Cryptocurrency differs from what is called fiat currency, such as the U.S. dollar and government-issued coins. The value of fiat money is tied to the government-issued currency, often referred to as legal tender because of its government issuance and backing. In contrast, the value of cryptocurrency derives from the blockchain.

Most cryptocurrencies are referred to as “convertible,” meaning they have a non-digital value in dollars or another national currency. So, if you own bitcoin, ethereum or some other type of convertible virtual currency, you should be able to exchange it for a recognized fiat currency, such as U.S. dollars.

Storing and securing crypto is quite different from traditional cash or investments. There are two general methods for storing cryptocurrencies, often referred to as "cold" storage—environments not connected to the internet—and "hot" storage—services connected to the internet, including what is often referred to as a cryptocurrency wallet. Cybersecurity precautions are critical.

Centralized and decentralized currency administration. In a centralized system, there’s a single administrator for cryptocurrency payments and settlements. Currently, for most cryptocurrencies, the administration is decentralized, meaning there’s no central administrator that controls the systems by which the currency is issued and authenticated.

Regulation of cryptocurrency. Currently, no single U.S. federal enforcement agency regulates cryptocurrencies. Considered a commodity under the Commodity Exchange Act, virtual currency is regulated by the U.S. Commodity Futures Trading Commission (CFTC) when it’s used in a derivatives contract or if there’s fraud or manipulation involving a virtual currency traded in interstate commerce. Other U.S. regulators that might have jurisdiction over crypto, depending upon the specific use, include the U.S. Securities and Exchange Commission (SEC), the Internal Revenue Service (IRS), the Federal Trade Commission (FTC) and the Office of the Comptroller of the Currency (OCC), among others. Crypto investments are treated as property by the IRS and taxed accordingly.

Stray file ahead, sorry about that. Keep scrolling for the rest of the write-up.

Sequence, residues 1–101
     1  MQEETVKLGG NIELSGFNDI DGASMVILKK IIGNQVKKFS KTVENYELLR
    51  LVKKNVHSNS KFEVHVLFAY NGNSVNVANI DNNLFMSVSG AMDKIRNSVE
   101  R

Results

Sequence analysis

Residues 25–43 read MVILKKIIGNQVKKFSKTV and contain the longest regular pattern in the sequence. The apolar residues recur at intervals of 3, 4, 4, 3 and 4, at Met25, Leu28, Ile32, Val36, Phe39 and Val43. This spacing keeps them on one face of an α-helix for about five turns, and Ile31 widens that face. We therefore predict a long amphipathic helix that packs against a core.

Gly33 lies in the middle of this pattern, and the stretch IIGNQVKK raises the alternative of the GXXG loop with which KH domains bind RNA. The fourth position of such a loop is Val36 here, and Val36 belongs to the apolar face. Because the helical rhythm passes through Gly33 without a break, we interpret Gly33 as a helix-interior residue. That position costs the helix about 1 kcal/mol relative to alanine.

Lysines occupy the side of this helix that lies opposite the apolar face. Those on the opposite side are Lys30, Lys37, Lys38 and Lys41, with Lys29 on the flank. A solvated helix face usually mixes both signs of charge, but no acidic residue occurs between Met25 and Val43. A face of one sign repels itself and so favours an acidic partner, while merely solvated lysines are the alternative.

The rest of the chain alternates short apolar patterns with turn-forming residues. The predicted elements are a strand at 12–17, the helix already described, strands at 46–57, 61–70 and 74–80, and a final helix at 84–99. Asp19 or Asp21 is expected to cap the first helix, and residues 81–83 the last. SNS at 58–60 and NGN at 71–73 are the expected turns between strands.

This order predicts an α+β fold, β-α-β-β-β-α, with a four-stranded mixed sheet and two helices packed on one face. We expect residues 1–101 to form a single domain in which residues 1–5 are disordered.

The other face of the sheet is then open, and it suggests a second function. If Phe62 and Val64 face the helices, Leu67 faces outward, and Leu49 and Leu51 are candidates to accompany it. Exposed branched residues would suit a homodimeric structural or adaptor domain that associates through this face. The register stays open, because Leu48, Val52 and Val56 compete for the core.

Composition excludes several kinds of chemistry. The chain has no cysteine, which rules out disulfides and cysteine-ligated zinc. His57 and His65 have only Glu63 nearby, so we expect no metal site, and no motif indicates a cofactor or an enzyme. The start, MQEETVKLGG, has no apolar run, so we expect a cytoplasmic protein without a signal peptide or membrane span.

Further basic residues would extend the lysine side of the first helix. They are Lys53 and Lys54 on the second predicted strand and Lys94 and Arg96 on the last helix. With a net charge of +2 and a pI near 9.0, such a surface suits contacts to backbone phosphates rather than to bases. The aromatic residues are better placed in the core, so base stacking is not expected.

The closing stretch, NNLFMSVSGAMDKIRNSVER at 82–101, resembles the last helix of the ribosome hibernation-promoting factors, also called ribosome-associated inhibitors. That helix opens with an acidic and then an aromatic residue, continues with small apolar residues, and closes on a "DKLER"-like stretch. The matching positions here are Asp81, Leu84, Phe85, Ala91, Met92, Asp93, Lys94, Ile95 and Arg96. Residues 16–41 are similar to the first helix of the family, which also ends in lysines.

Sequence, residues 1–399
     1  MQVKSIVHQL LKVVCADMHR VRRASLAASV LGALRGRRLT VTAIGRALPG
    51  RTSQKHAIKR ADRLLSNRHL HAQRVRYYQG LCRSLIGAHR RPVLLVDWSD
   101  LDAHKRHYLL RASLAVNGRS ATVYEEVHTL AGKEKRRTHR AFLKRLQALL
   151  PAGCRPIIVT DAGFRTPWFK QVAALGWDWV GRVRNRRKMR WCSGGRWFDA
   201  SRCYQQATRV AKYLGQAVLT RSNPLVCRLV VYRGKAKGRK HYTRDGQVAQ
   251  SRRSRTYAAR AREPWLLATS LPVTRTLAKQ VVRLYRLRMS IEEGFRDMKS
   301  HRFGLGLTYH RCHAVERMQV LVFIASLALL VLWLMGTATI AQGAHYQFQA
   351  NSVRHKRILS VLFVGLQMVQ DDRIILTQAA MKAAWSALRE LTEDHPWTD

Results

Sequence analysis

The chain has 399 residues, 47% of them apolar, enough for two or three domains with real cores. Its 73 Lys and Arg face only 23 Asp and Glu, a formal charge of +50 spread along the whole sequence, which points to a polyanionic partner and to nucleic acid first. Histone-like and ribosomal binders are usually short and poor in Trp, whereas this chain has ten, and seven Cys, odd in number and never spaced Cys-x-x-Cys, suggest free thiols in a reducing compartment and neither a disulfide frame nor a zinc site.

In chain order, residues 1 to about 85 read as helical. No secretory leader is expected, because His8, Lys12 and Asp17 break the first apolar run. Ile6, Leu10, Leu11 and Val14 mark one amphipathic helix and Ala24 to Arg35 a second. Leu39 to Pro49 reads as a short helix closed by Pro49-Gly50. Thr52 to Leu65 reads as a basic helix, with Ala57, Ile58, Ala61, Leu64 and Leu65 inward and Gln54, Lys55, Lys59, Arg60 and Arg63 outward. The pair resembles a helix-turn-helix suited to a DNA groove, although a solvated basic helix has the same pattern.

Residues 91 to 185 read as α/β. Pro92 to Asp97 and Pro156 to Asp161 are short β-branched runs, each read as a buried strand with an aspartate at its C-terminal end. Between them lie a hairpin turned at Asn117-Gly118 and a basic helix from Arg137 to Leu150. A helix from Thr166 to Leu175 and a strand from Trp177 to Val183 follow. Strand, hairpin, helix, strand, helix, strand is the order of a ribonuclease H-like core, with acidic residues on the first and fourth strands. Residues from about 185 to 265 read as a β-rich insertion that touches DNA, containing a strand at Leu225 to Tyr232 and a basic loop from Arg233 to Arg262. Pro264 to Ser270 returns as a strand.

Stablecoins are cryptocurrency that aim to manage price volatility. This can be done by tracking the values of more stable assets, including fiat currencies and commodities; holding well-known cryptocurrencies as collateral; or relying on smart contracts that use algorithms to adjust the supply of the stablecoins based on market demand in order to keep the value stable. Stablecoins are designed to serve as a source of stored value within the blockchain ecosystem, thereby reducing the need to convert digital assets into fiat currency (which typically involves both administrative burdens and significant fees).